Other issues that might be worth mentioning:
    • Catastrophic cancellation in complex arithmetic.
    • Single vs double rounding, in fused vs cascaded multiply-add operations.
    • Range reduction in trig functions (Intel hardware only uses a 68-bit PI, this causes problems sometimes).
    • Double-rounding when converting FP precision (e.g., 64-bit mantissa to 53, or 53 with extended exponent to 53 with regular exponent when the mantissa goes denorm).
    • Conversion to/from string representation.
    • Issues with "constructive reals" (a=b? is not necessarily an answerable question -- you might need to look at "all" the digits in order to answer "yes").
    • Distributive law DOES NOT HOLD -- a * (b+c) != a*b + a*c
  • This sounds a lot like the stuff i heard in CS/Mathematics classes more than 20 years ago (Hackbusch, Praktische Analysis, Summer term 1987/88). That course was mandatory then for any CS, Mathematics and Physics student. Has that changed yet? It's about the differences between a number at it's binary representation (and examples about consequences).

    I completely agree, that every programmer should know about that. But this is nothing new, it was already important 40 years ago. I'm pretty sure some space prob

  • Please look here (Score:5, Informative)

    by ctrl-alt-canc ( 977108 ) on Sunday May 02, 2010 @01:18PM (#32064916)
    People interested into floating point math will find some very interesting materials and horror stories in the documents collected at the home page [berkeley.edu] of professor William Kahan, the man behind IEEE754 standard.
    According to my personal experience the paper by David Goldberg cited in the post isn't that difficult after all. Plenty of interesting materials can also be found in the Oppenheim & Shafer [amazon.com] textbook about digital signal processing.
    • I was brought in a bit after the start of a state project to write a system to track about a half billion dollars in money for elderly and disabled indigent care. I was horrified to find that all the money variables were float. After raising the issue and explaining the technical details, I proposed a Money class and if they didn't want that gave them the option of a simple fix: just change all the floats to long and keep the amounts in pennies, inserting the decimal point only when displaying numbers. The

  • by Cliff Stoll ( 242915 ) on Sunday May 02, 2010 @01:19PM (#32064930) Homepage

    Over at Evans Hall at UC/Berkeley, stroll down the 8th floor hallway. On the wall, you'll find an envelope filled with flyers titled, "Why is Floating-Point Computation so Hard to Debug whe it Goes Wrong?"

    It's Prof. Kahan's challenge to the passerby - figure out what's wrong with a trivial program. His program is just 8 lines long, has no adds, subtracts, or divisions. There's no cancellation or giant intermediate results.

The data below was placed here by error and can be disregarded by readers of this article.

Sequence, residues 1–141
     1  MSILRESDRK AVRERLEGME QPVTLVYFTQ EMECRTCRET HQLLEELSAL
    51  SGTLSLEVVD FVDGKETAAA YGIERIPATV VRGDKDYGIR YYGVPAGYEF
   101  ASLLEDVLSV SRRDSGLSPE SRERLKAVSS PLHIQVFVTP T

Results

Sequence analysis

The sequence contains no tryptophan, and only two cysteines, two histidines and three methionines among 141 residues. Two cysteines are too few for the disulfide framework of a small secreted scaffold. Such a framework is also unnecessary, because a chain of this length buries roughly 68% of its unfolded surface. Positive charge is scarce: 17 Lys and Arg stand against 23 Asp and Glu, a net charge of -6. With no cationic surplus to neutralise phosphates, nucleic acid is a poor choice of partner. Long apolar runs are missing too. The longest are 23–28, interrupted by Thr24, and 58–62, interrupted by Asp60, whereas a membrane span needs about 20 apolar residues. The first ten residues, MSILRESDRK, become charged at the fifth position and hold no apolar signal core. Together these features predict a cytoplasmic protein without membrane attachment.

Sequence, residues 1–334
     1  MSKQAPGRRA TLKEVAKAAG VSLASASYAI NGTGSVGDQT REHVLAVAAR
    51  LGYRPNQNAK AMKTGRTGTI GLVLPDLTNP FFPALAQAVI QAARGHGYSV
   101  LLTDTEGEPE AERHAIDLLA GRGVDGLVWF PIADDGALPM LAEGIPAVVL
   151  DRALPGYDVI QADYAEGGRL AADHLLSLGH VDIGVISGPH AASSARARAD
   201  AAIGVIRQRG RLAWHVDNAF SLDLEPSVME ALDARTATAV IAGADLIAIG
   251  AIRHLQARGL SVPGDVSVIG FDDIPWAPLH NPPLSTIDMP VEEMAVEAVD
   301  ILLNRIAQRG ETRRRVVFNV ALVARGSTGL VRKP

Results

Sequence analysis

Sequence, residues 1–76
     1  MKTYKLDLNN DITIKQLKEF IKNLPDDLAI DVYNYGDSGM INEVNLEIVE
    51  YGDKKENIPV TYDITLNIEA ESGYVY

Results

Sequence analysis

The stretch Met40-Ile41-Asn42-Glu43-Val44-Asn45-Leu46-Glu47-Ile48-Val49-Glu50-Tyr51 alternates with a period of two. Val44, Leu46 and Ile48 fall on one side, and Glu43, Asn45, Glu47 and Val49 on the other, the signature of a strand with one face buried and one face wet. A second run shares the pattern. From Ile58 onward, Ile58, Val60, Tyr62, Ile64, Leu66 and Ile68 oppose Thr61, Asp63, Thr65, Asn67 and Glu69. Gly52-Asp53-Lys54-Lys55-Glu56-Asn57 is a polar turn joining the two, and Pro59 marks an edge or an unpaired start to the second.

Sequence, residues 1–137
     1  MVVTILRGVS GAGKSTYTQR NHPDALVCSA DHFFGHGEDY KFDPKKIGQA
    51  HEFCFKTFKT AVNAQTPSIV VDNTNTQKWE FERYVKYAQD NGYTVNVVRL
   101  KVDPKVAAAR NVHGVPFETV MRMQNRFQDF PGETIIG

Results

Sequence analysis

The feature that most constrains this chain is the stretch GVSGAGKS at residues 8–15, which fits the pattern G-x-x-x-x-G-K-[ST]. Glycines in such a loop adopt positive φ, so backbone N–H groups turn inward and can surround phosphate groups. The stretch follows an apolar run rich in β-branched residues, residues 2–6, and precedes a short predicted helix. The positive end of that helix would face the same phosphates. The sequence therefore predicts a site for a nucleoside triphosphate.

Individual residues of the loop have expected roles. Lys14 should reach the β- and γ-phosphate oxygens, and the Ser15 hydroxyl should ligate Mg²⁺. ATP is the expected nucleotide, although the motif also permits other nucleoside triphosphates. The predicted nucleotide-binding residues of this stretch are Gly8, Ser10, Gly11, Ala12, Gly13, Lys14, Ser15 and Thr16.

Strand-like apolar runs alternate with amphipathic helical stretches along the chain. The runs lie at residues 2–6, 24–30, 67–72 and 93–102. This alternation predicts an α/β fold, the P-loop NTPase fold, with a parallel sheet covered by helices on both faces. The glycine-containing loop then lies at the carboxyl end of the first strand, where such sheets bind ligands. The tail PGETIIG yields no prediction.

But Kahan's malignant code computes the absolute value of a number incorrectly on almost every computer with less than 39 significant digits.

    Between seminars, I picked up a copy, and had a fascinating time working through his example. (Hint: Watch for radioactive roundoff errors near singularities!)

    Moral: When things go wrong with floating point computation, it's surprisingly difficult to figure out what happened. And assigning error-bars and roundoff estimates is really challenging!

    Try it yourself at:
    http://www.cs.berkeley.edu/~wkahan/WrongR.pdf [berkeley.edu]

  • Most of you are too young to have dealt with architectures like VAX and Gould PowerNode with their awful floating point implementations.

    IEEE 754 has problems but it's a big improvement over what came before.

  • by John Hasler ( 414242 ) on Sunday May 02, 2010 @01:41PM (#32065138) Homepage

    It's missing the irritating cutesy "humor".

  • If anyone with ACM digital libray access wants the DOI link to the original article, rather than the edited version Sun/Oracle's site it's http://doi.acm.org/10.1145/103162.103163 [acm.org].

    It is an old article though, so it's a 44 page scanned PDF.

  • Thanks to Sun (Score:5, Interesting)

    by khb ( 266593 ) on Sunday May 02, 2010 @04:04PM (#32066118)

    Note that the cited paper location is docs.sun.com; this version of the article has corrections and improvements from the original ACM paper. Sun has provided this to interested parties for 20odd years (I have no idea what they paid ACM for rights to distribute).

    http://www.netlib.org/fdlibm/ [netlib.org] is the Sun provided freely distributable libm that follows (in a roundabout way) from the paper.

    I don't recall if K.C. Ng's terrific "infinite pi" code is included (it was in Sun's libm) which takes care of intel hw by doing the range reduction with enough bits for the particular argument to be nearly equivalent to infinite arithmetic.

    Sun's floating point group did much to advance the state of the art in deployed and deployable computer arithmetic.

    Kudos to the group (one hopes that Oracle will treat them with the respect they deserve)

Order and simplification are the first steps toward mastery of a subject -- the actual enemy is the unknown. -- Thomas Mann